The Arts are for Everyone
Thursday 11th December 2014 at 6pm 0 Comments
Arts Council Board Member Leon Litvack writes on the value of arts to society.
I’ve been wondering recently what ‘art’ means to people. For me it’s a process of deliberately arranging things in such a way that they appeal to, or challenge, our senses or emotions; these can be colours, objects, words, bodily actions, musical notes, and many other things besides. Some people have a natural, God-given talent or skill, which, when nurtured, produces pleasure or meaning for others. You can see how this applies to painters, sculptors, circus performers, actors, dancers, musicians, writers, and others who share their world view with those around them.
But art isn’t just for the gifted or the privileged; it’s for everyone, and it can contribute hugely to social, intellectual, and physical wellbeing. Think of the organisation which sends clown doctors to visit children in hospitals, to help them overcome fear of an operation; or the social street circus which takes kids with attention deficit disorder, and teaches them to juggle so as to improve their concentration and awareness of others. Then there’s the choir which gets people with physical and mental issues to sing together and give concerts; and the cross-community community theatre company which draws together vulnerable and marginalised older people as actors in a play, which enhances self-esteem. There’s also the group which brings creative arts into prisons, in an effort to improve personal relationships, and introduce skills which are essential to rehabilitation.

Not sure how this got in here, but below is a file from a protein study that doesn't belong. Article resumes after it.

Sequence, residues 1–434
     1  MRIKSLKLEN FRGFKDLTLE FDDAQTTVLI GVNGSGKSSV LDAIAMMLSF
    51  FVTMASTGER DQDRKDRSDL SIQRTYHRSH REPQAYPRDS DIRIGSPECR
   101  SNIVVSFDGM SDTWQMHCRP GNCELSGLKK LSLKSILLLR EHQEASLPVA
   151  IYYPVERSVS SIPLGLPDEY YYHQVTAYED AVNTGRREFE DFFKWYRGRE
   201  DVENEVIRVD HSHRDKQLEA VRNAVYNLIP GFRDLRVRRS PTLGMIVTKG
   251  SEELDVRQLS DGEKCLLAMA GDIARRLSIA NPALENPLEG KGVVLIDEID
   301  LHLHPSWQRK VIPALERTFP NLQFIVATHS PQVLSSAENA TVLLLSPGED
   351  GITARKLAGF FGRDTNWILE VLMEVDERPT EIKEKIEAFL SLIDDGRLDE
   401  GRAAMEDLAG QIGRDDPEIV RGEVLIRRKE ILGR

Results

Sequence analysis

I haven’t even begun to talk about more conventional creative activities. But there’s clear, unquestioned evidence that art, in all its forms, makes a significant contribution to our lives. I’m sure you’ll recognise that there is a cost involved; but it’s not a lot: only thirteen pence per person per week. This money comes from the Northern Ireland Executive; yet in these difficult times, there are proposals to cut our funding of the arts – which is, incidentally, far less than the 32 pence per week spent in Wales.
We get a big return for our thirteen pence: the arts inspire the most deprived in our society; they enhance healthy interaction with others; they bring families closer together; they create jobs at a reasonable cost; and they make a major contribution to our economy. If you believe in the value of the arts, then speak up for them, and help to protect this treasure, which enhances our lives in ways you might not have imagined.
Leon Litvack is an Arts Council Board Member and Reader in Victorian Studies at the School of English, Queen's University